Another consequence of my argument is that if not for the Tamil Nadu factor and its impact on the Government in Delhi there would not be a major Tamil ethnic problem, not one that concerns the wider international community. It would be a domestic problem with the Tamils treated as a conquered people – that is to say like dirt – with hope of redress only in the long run. The stark fact is that the SL Tamils cannot by themselves hope to take on the Sri Lankan state militarily with any hope of success, not now and not in the future. That stark fact dictates another consequence: the SL Tamils have no alternative to accepting a tripartite understanding on a political solution reached between India, the SL Government, and the Tamils. The important point in that connection is that India would not want to go too far in agreeing to devolution as that would set a bad precedent for India itself. Another consequence flowing from the argument that I have developed above – specifically from the point that India’s own unity could come to be threatened – is that under certain circumstances India could want to impose a Cyprus-style solution in Sri Lanka. It too is a worst case hypothesis, not something that is around the corner. What we have to bear in mind is that it could be perilous for Sri Lanka to allow the ethnic problem to go unsolved into the indefinite future on the premise that the Tamils cannot by themselves successfully challenge Sri Lankan state power.
It is clear that after the Presidential elections we have come to a new juncture over our ethnic problem: there is now some hope of our moving towards a political solution whereas under President Rajapakse there was none. The international community has signaled this new juncture by the decision to postpone by six months the release of the UNHRC report on war crimes. The decision was announced by the UN human rights Chief Zeid Ra’ad Al Hussein, but obviously there were very powerful forces behind that decision, notably the US. According to Al Hussein the decision was made because of “the changing context in Sri Lanka and the possibility that important new information may emerge which will strengthen the report”. The latter reason makes no sense because surely even in September there will be the possibility of the emergence of further important new information. The “changing context” evidently refers to the Government’s decision to hold its own credible investigations into war crimes. But would it be possible to make much headway over that by September? Furthermore, can we really expect the Government to hold wholly credible investigations?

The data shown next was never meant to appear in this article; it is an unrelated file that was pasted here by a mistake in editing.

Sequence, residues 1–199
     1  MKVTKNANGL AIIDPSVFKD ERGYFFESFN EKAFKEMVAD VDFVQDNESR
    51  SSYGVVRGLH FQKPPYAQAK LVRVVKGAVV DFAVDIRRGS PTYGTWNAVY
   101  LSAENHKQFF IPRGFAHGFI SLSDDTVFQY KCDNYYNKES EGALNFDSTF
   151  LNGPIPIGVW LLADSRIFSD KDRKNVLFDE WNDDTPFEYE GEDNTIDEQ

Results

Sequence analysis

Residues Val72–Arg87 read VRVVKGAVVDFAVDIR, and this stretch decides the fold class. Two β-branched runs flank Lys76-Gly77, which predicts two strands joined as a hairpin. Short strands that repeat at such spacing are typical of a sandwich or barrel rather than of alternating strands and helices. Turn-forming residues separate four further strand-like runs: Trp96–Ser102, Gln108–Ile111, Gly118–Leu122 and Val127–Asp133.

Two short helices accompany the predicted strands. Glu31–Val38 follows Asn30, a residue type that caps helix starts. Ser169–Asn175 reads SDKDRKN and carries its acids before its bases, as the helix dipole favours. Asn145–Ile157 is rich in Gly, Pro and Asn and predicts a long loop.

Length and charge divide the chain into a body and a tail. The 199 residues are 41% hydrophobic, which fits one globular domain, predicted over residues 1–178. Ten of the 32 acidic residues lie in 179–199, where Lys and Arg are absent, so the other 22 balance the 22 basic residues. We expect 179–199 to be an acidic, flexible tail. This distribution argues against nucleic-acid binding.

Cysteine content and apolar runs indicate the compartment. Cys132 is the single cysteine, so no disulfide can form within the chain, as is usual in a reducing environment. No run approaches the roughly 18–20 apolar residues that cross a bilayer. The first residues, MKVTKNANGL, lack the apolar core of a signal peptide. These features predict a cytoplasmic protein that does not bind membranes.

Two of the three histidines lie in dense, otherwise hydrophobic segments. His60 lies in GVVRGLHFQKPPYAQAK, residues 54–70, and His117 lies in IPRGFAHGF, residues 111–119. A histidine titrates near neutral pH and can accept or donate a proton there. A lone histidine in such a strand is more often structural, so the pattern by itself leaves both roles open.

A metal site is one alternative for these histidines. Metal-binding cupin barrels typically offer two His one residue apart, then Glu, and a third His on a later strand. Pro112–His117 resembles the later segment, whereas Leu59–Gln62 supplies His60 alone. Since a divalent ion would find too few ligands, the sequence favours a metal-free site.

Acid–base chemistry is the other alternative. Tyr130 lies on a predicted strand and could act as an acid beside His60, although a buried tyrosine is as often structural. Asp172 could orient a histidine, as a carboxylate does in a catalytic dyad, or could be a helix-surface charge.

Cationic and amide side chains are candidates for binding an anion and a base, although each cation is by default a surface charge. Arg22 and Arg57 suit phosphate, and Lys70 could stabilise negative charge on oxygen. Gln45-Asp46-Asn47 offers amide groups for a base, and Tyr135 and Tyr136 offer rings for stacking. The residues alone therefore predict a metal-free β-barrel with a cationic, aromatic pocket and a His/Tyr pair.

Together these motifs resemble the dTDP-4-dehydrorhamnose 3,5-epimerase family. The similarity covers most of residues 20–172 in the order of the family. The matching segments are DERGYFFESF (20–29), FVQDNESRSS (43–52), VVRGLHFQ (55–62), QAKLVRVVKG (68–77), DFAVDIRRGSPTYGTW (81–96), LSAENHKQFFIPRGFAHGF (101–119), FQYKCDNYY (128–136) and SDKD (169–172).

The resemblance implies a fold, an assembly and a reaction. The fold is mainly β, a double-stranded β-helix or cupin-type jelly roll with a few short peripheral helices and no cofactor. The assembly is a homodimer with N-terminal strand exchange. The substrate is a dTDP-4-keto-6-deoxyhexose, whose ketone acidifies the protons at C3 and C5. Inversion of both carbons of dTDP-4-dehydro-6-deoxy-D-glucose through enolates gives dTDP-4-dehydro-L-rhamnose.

I will conclude this article by raising very briefly a question that seems to be of fundamental importance. Ever since the UN Secretary General moved to set up the Panel of Experts to investigate war crimes – resulting in the Darusman findings – I have supposed that the US and India were behind it in a benign conspiracy to use the war crimes allegations as an instrument to propel the Sri Lankan Government into really moving towards a political solution of the ethnic problem. But that proved to be impossible under President Rajapaksa and consequently the issue of war crimes has gathered a momentum of its own. It will therefore be difficult to jettison it even if the international community becomes convinced that the Sri Lanka Government is really in earnest about a political solution. The case for playing down, diluting, or wholly jettisoning the issue of war crimes seems to me to be very strong. The reason is that there is an incompatibility between moving towards a political solution and holding really credible investigations into war crimes. President Sirisena was Acting defence Minister while the worst war crimes were allegedly being perpetrated, and he and others such as General Sarath Fonseka could be arraigned as war criminals. The Sinhalese cannot be expected to be enthusiastic about people they regard as their heroes and saviors being arraigned in that way. The crucially important point is that really moving towards a political solution requires a climate of mutual accommodation between the Tamils and the Sinhalese, and that will be very difficult if alleged war crimes remain a live issue. A jettisoning of the issue will of course be seen by the Tamils as their being let down yet once more by the international community. But their own best interests demand that priority be given to moving towards a political solution above all else.